And yes I am a shareholder!

    BTW- GM’s world brands and models are what keep it afloat, hence the reason all of the new Saturns will be Opels, and the Pontiacs will be based on Holdens!

  • Dan C.

    Sorry, disagree. GM’s problems in the past have been largely due to in-fighting between divisions. Each division behaved like they were in competition with each other, spending frivolously developing drivetrains, interior and exterior trim and deviating from standard vehicle platforms. To add insult to injury, the buying public saw their vehicles as badge-engineered, so buying a Pontiac Whats-It only cannibalized a Chevy Whos-It sale. However, GM didn’t benefit from badge-engineering because Whats-It parts generally don’t fit a Whos-It. Thankfully a lot (but not all) of this has changed since Lutz came aboard.

    BMW, on the other hand, leverages common development (e.g., the inline 6) across their entire vehicle line which allows them to offer niche vehicles with minimal expense. They need to do this to achieve the growth targets they’ve set for themselves — they can only sell so many 3, 5, and 7-series sedans. They’re only in danger of becoming “Big-3-like” if they begin overlapping their offerings and canibalizing their own sales. They’re nowhere near that point.

  • Dan, you are entirely correct. And excluding the MINI SAV (and that is still closed to the public) there are no vehicles that will overlap each other so BMW will not cannibalize sales from within and decrease sibling rivalries.

    In the car world it is tough to realize that even though there is a parent company the smaller ones try to out do the others for the sake of bonuses, hitting sales points and sometimes the other siblings get knocked down a bit.

  • Chaz

    I think BMW can compete by addressing niche markets. The X6 certainly is something unique. Unfortunately, 1 series is too similar to the 3 series weigh wise, but you can see they are really trying to stay up market with that one (avoiding the 4cyl hatchback version). Certainly a Golf is much more practically packaged than a 1 series, but the 1 is relatively unique. Its not another Golf competitor (in the US), and that is its niche.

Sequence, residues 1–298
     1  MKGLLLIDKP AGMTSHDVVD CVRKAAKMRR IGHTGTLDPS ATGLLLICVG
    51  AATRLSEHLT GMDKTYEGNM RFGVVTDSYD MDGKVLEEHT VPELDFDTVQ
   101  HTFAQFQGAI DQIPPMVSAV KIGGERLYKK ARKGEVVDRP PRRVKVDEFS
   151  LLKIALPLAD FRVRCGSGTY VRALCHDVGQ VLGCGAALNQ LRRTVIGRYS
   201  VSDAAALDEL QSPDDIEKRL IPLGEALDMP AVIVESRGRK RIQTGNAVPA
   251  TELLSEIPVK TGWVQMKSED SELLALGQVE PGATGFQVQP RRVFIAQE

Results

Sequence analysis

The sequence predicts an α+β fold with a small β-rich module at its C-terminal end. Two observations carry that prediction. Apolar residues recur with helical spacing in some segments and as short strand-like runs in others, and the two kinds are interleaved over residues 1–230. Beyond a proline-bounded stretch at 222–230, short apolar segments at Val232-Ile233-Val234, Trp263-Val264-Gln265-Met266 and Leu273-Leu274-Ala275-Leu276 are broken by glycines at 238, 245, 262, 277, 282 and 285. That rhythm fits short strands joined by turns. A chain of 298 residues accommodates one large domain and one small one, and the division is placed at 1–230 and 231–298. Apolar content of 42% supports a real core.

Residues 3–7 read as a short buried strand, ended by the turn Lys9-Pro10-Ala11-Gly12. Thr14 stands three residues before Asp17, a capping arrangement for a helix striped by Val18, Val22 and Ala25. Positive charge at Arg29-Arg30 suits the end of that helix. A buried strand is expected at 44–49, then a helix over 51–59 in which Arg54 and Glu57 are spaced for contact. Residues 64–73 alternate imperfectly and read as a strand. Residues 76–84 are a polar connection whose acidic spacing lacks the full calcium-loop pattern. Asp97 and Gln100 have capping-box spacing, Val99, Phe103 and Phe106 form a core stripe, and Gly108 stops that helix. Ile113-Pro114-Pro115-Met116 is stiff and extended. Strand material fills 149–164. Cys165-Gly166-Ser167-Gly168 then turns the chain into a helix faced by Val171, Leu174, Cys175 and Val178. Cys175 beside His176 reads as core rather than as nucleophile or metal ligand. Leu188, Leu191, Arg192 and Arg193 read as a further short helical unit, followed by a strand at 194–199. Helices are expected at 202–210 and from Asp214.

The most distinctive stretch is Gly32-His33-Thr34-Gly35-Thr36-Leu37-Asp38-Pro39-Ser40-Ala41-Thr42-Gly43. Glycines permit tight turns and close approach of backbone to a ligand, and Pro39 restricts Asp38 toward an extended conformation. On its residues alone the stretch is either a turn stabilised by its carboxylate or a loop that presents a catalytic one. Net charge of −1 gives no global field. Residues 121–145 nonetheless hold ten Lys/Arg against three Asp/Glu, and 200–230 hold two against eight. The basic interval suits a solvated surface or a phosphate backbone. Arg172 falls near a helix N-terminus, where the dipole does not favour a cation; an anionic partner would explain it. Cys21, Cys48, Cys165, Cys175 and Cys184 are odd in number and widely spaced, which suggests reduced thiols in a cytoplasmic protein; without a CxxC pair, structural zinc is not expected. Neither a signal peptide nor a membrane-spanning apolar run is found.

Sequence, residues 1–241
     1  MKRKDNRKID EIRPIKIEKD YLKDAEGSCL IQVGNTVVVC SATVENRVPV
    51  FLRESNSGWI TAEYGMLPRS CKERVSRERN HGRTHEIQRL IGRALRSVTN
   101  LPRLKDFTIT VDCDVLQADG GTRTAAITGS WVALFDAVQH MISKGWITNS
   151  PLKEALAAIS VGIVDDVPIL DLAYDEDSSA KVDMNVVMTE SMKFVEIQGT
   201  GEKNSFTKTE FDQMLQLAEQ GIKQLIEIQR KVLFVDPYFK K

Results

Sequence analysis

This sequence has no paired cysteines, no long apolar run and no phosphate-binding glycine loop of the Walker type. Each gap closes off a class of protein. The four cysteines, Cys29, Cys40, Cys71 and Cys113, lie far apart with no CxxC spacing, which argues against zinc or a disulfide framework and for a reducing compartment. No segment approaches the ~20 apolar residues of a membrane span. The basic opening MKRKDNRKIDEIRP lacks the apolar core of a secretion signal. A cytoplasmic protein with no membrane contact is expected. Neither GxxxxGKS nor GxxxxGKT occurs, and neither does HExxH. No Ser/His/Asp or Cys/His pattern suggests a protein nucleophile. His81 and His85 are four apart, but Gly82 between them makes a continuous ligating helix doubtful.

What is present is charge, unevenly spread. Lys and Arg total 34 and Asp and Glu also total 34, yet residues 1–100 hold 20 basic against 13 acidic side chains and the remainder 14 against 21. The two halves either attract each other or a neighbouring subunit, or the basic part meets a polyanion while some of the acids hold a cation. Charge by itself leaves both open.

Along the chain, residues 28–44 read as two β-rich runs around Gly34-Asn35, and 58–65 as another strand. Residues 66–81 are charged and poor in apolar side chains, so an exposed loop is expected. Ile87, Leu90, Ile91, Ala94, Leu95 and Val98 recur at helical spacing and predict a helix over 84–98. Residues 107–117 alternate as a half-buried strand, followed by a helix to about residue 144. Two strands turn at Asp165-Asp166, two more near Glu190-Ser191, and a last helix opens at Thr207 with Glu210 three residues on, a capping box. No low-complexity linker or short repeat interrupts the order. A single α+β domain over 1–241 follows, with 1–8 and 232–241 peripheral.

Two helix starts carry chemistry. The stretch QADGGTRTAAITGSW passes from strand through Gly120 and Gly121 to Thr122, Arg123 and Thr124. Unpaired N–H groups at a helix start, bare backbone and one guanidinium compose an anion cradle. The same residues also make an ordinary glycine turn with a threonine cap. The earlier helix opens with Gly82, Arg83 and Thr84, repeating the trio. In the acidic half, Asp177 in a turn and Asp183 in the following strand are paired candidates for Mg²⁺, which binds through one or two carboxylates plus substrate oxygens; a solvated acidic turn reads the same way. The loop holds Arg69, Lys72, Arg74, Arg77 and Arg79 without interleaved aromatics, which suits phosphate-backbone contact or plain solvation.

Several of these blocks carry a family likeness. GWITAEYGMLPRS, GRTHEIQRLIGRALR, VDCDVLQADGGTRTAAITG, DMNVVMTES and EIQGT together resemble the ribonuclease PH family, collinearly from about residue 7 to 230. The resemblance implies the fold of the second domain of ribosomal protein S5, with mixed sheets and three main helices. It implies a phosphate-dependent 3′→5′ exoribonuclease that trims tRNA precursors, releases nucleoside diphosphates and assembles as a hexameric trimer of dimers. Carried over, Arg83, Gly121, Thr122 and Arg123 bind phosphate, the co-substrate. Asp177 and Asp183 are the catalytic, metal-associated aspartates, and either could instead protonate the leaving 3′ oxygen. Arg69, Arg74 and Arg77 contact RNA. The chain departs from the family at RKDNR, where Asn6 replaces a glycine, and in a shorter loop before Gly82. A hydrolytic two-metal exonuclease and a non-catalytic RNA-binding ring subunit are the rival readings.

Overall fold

As for GM, the new CTS does go head to head with BMW, and anything GM makes in Germany you can (or soon will be able to) buy at your local Saturn dealer (with the same limited feature choice that BMW gives us). The GM comments here are 20 years out of date. BMW buys GM transmissions and advanced hybrid systems for good reason. GM is already building better cars:

    “Enormous” is the word that Csaba Csere, editor-in-chief of Car and Driver magazine, uses to describe GM’s progress. “Their cars look good on the outside, have a luxurious sense inside and drive well,” says Csere, whose publication used to routinely blast the General’s vehicles.

    I don’t know that GM’s goal is to compete with BMW, but the competitive pressure is everywhere.

    Europe’s focus on diesels, where the rest of the world is focusing on hybrids and electric, is where GM and Toyota may end up leapfrogging BMW if things still keep going in this direction. Efficient dynamics isn’t enough.

    (P.S. Holden only designs one car for GM, and the UAW gave GM huge concessions allowing them to replace old high paid workers with low paid entry level workers – that is a game changer).

  • Jason

    The Porsche comparison is interesting because Porsche afficionados (at least many of them) bemoan the existence Cayenne SUV and to a lesser extent, the Cayman, as diluting the brand.

    Of course, Porsche is wonderfully profitable but still felt the need to invest in Volkswagen, whether for engineering/cost sharing or profit or both it’s still up in the air.

    Even the most ardent 911 fan cringes at some of the option pricing and it’s sad to see the Cayman underpowered in order to preserve the honor of His Royal Highness the Carrera.

    Personally, as an owner of a 3 series coupe, I wish the 1 series did not exist, but I understand BMW’s motive, particularly in a weak-dollar world. I just wish the 135 didn’t look like a 335i coupe hit with an ugly stick.

    And that, in a nutshell, is the core of the problem imho. Automotive brands suffer when models are poorly designed, poorly assembled, or poorly priced. Introduce a great new car – it’s a credit to the brand! Introduce an obvious dog and the brand suffers sooner or later.